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There are rates for sales for productions per minute for various TV territories. They don't cover the cost of a production and they're a lot less an $1000 per minute unless it's a large territory, especially for shorts. A sale to a school would be a lot less than that, from memory my distributor sold a 8 min short I made for 350 to the BBC for online screening. To be honest I can't really see a school paying any more.
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Old July 22nd, 2008, 06:59 PM   #7
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Hi guys,
The theme of the movie deals with high school bullying which I know in Canada is receiving top billing and a lot of funds are being driven to bring awareness to the issue. I contacted some local filmmakers in the Toronto area and was given the $1000 per minute price as they will be able to show it as many times within their district which could have up to 300 schools. I just wanted to check within Canada and the US.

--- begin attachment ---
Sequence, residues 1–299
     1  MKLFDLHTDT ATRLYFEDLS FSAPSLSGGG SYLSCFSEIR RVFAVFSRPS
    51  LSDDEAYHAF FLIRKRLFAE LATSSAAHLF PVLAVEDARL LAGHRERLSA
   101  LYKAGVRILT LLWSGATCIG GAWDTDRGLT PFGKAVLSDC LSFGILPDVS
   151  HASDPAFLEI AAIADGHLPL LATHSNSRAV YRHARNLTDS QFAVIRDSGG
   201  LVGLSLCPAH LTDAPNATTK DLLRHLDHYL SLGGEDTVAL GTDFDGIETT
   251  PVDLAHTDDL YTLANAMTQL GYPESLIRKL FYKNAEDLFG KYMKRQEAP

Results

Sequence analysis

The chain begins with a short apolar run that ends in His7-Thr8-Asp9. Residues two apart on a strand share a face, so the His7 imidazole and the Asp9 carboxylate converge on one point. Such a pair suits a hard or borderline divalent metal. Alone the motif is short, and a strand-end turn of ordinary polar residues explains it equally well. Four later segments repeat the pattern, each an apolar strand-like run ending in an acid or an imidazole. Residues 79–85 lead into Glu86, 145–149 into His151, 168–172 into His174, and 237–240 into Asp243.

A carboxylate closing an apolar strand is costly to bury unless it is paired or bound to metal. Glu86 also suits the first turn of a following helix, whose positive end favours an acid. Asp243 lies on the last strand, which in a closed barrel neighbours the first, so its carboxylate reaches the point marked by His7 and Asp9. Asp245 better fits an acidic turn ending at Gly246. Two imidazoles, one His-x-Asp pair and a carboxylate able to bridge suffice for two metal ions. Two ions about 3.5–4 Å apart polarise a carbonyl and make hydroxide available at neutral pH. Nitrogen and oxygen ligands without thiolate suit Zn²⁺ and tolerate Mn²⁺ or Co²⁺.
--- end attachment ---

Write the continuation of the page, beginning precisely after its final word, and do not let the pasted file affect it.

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Old July 23rd, 2008, 08:19 AM   #8
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My 2 cents: at $1000 a finished minute as a ROUGH figure, the "license fee" you propose would be very nearly the cost of producing the video from scratch, given "current" industry cost figures for budget discussion (ie. a rough budget figure before working out the actual fine details).
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Old July 23rd, 2008, 10:39 AM   #9